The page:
The VMware Hardware Compatibility Guide is more than a shield for VMware support or a marketing splash for compatible vendors -- use it adroitly and you'll avoid wandering into a minefield with your data center's infrastructure.
Hardware, operating systems and applications on the bleeding edge are a minefield of unknown interactions with other software and hardware in an IT infrastructure. Enterprises generally shun these new technologies and deploy only known good products, especially when they interface with something as absolutely vital to ongoing operations as the hypervisor. An ecosystem of hardware compatibility guides (HCGs) supports this cautious approach, so VMware users should familiarize themselves with the VMware Hardware Compatibility Guide.
There's no way for VMware to support every piece of hardware or every combination of components in existence; despite this, VMware must help enterprises with troubleshooting and support if it is to stay in business. VMware started the HCG (initially called the VMware Hardware Compatibility List) with lists of tools and products that
The VMware HCG provides a sane middle ground for all parties. VMware works in tandem with other vendors to test their software with different hardware models, versions, etc. The compatibility testing minimizes support burdens for vendors and gives enterprises a seal of approval when they're specifying new equipment to support the VMware infrastructure. VMware, meanwhile, can point to the hardware compatibility guides and say to enterprise customers, "If your hardware isn't in that guide, our support can only possibly be on a best-effort basis; nothing is guaranteed."
More on the VMware HCG
VMware answers FAQs about compatibility
The meaning of "VMware-ready"
Resources for VMware beginners
Considerations beyond the HCG
HCGs are more than a simple convenience or a means by which vendors dodge untenable legal situations; they are a guarantee that the combination of elements supporting your IT infrastructure will work. If VMware's hypervisor doesn't work, then nothing -- not your operating systems nor the applications that run on them -- can be considered reliable either.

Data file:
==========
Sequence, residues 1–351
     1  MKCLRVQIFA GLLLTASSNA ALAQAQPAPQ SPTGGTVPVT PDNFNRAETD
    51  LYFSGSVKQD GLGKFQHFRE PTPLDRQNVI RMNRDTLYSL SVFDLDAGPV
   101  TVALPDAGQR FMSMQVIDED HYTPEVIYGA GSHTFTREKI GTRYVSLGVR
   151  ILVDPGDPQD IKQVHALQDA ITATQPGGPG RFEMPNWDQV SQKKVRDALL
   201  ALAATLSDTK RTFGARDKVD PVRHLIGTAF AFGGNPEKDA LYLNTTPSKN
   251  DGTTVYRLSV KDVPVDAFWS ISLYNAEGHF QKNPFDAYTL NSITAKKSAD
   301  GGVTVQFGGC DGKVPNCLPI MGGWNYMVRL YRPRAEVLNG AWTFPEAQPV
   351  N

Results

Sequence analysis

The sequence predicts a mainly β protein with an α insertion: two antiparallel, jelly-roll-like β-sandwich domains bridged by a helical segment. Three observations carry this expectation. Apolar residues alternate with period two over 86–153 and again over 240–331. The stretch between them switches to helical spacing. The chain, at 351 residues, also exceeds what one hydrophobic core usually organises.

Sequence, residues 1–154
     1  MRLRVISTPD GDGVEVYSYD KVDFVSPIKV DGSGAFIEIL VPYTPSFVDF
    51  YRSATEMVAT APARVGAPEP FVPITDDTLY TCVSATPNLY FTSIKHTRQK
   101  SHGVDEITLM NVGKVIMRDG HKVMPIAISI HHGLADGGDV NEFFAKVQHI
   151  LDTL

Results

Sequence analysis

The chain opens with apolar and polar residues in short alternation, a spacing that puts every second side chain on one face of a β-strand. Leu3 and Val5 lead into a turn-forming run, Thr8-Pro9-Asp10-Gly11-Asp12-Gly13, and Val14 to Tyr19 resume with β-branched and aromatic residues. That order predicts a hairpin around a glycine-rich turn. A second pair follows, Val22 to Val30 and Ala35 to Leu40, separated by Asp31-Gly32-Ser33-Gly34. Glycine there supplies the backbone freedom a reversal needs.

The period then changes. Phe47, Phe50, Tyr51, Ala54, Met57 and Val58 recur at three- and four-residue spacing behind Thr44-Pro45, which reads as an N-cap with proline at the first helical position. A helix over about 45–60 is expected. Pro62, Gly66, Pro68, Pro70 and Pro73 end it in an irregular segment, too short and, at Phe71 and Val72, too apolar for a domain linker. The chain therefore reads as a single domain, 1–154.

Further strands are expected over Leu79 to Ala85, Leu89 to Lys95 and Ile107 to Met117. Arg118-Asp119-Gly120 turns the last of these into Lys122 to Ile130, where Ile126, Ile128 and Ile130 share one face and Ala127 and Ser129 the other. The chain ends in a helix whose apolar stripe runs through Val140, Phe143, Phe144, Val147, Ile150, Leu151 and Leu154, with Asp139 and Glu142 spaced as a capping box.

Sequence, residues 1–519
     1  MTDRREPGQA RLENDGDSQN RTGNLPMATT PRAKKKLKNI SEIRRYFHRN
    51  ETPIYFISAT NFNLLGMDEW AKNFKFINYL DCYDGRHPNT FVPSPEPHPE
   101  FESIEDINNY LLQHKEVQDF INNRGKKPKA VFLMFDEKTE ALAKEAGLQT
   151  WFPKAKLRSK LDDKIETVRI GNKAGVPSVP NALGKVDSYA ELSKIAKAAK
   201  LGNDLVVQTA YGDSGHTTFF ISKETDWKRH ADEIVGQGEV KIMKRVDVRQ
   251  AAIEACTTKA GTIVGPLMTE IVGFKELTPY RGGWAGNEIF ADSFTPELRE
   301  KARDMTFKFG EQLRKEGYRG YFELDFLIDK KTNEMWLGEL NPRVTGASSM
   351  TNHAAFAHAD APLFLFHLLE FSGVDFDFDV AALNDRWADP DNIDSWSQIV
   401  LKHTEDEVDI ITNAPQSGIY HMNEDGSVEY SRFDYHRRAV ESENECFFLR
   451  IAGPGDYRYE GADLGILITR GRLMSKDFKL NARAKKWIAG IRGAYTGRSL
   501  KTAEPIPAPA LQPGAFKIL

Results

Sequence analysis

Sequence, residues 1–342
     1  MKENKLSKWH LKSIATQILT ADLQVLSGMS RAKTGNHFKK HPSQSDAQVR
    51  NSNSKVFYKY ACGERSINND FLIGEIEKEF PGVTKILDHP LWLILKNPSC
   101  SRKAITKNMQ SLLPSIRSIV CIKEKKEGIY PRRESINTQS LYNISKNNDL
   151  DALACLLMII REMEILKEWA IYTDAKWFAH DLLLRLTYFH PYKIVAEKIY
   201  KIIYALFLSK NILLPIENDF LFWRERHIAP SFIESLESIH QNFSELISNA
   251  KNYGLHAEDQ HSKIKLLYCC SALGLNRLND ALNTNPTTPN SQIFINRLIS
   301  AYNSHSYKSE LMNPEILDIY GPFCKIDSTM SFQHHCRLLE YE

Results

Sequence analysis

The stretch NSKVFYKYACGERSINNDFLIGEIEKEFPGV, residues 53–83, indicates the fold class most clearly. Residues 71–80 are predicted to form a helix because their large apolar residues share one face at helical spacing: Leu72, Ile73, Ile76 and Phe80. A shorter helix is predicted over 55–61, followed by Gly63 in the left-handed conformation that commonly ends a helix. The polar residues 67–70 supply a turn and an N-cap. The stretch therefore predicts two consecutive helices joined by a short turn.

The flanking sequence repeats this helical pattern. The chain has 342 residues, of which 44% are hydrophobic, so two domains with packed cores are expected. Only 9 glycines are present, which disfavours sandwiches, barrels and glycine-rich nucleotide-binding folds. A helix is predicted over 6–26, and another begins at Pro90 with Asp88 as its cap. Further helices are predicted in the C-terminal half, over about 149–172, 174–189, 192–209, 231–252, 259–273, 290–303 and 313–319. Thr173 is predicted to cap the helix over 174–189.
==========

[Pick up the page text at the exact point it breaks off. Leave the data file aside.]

To ignore the HCG is to bet your reputation as a systems administrator, your business or employer, as well as the livelihood of every member of your staff and all of your clients on something that hasn't been officially tested. There are cases where that gamble is rational; think of your isolated test lab or home environment. In most cases, however, it is not.
How to use VMware's HCG when you need support
Companies of all sizes benefit from the clarity HCGs provide. If your components are listed on VMware's HCG and you're getting the runaround from the VMware support team, then you have the right to start hollering a little bit louder than normal. If the component involved in your problem isn't in VMware's guide, then you're subject to third-party support rules. The first paragraph on the third-party support page states:
VMware Global Support Services (GSS) will assist customers in problem analysis to determine whether or not the technical issue is related to the third-party hardware or software. In order to isolate the issue, VMware reserves the right to request that the third-party hardware or software be removed.
This sounds pretty ominous, but it is no reason to be discouraged. VMware has a decade of good will earned the hard way. They do not hide behind the legalese wording of their third-party support rules, and the support team wants to make sure that a customer's hardware, OSes and applications work. The support clause exists for those moments when you are trying to do something untested -- and thus not something that VMware can officially support -- and it breaks, but nobody can figure out why.
Best practice regarding HCGs is simple: Use them. Buy hardware and use operating systems that are officially supported wherever possible. If you must use a component that isn't on the HCG, then contact the product's vendor and VMware and see what it might take to get that product on VMware's HCG.
This was first published in May 2013